Examining Multi-Element Control Systems: Evidence from the Public Sector
36 Pages Posted: 17 Aug 2018 Last revised: 28 Feb 2019
Date Written: February 26, 2019
One of the main themes in the current management control literature is the study of ‘systems’ of control practices. While several studies have examined pairwise complementarities in control practices to investigate whether a control system exists, a system may also be comprised of a combination of more than two control practices. We provide an illustration of how such a multi-element control system can be modeled and empirically examined. Using data from 162 organizational units in the public sector, we examine how organizations design and use their control systems to mitigate the control problem of effort direction in contexts of low and high contractibility. We find that operational, incentive-oriented, and exploratory uses of performance information are interrelated and combine in a single system of controls in a low contractibility setting. This system of control is significantly associated with effort direction effectiveness. In a second analysis, we expand our examination to encompass a broader system of control practices. We find that action, cultural, and personnel controls, jointly with the use of performance measurement information, are interrelated and form a broader system of control practices that is associated with effort direction effectiveness in conditions of low contractibility. In contrast, and consistent with our theory, we find no evidence that organizations choose to rely on a system of controls when contractibility is high. Jointly, our results suggest that organizations select individual control system practices in relative isolation to effectively manage effort direction when contractibility is high, yet choose to use a system of control practices when contractibility is low.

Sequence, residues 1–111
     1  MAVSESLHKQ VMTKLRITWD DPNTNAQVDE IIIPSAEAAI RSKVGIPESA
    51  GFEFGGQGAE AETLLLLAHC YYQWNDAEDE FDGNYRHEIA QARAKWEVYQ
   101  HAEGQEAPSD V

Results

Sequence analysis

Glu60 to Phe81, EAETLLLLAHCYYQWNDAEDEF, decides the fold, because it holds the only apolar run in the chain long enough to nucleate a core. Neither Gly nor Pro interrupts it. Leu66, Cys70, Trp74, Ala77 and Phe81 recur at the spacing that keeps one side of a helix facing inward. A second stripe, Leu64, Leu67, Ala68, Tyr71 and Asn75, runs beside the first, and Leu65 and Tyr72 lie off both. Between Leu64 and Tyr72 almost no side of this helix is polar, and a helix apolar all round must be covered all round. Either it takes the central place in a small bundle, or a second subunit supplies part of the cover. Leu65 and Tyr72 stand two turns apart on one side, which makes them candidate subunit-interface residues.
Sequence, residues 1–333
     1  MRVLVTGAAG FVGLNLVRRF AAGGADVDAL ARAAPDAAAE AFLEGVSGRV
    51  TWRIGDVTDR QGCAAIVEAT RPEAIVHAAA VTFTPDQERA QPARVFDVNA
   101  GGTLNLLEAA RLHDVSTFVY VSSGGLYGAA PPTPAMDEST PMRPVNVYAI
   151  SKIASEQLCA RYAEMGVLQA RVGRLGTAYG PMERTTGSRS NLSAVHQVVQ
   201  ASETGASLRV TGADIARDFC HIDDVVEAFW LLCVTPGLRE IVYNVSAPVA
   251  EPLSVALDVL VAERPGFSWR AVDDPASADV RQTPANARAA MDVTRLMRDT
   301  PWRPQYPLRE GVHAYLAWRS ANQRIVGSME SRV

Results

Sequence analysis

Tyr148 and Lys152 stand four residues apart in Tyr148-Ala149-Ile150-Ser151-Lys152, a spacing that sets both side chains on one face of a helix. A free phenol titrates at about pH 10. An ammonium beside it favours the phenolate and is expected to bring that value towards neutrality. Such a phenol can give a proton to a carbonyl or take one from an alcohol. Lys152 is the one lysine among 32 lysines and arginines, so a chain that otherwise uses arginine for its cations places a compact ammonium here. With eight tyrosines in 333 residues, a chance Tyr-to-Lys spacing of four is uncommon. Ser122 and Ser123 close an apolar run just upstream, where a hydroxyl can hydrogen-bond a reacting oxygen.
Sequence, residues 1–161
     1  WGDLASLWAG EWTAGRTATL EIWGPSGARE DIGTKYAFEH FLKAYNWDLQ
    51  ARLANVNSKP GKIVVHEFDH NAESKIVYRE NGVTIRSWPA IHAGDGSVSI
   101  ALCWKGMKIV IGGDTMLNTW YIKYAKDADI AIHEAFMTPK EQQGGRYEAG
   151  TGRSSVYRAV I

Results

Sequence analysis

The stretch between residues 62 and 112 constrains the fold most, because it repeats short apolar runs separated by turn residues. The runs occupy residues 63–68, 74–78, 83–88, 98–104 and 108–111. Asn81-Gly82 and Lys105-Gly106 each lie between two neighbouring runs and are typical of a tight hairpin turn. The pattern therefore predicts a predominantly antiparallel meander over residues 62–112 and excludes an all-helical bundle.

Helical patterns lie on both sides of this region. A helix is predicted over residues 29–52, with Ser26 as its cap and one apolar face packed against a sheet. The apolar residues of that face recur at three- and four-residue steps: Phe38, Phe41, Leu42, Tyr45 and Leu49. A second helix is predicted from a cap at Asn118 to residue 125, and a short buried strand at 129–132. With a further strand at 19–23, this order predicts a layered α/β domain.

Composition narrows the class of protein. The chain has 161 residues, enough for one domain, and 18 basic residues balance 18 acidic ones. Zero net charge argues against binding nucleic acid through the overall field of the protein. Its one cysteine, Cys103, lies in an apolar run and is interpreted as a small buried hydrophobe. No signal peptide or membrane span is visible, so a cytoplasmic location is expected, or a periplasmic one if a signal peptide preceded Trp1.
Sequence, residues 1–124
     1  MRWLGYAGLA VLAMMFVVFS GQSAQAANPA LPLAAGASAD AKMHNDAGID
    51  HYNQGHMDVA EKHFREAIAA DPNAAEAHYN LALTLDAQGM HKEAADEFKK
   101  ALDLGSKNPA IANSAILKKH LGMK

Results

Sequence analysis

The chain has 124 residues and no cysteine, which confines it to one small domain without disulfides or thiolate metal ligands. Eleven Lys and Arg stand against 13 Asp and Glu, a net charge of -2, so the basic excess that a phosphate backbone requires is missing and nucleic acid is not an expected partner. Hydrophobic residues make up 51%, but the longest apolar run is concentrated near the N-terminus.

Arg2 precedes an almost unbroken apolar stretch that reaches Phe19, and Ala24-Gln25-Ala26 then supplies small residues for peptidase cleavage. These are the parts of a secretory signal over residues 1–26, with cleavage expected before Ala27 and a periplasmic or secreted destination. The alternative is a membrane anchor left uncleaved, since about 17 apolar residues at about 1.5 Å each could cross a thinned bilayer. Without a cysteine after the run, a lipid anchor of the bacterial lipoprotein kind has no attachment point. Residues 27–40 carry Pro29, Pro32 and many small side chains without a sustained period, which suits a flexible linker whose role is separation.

Keywords: Performance Measurement, Management Control, Contractibility, Systems of Control, Linear Systems, Public Sector
JEL Classification: M40, M41
Suggested Citation: Suggested Citation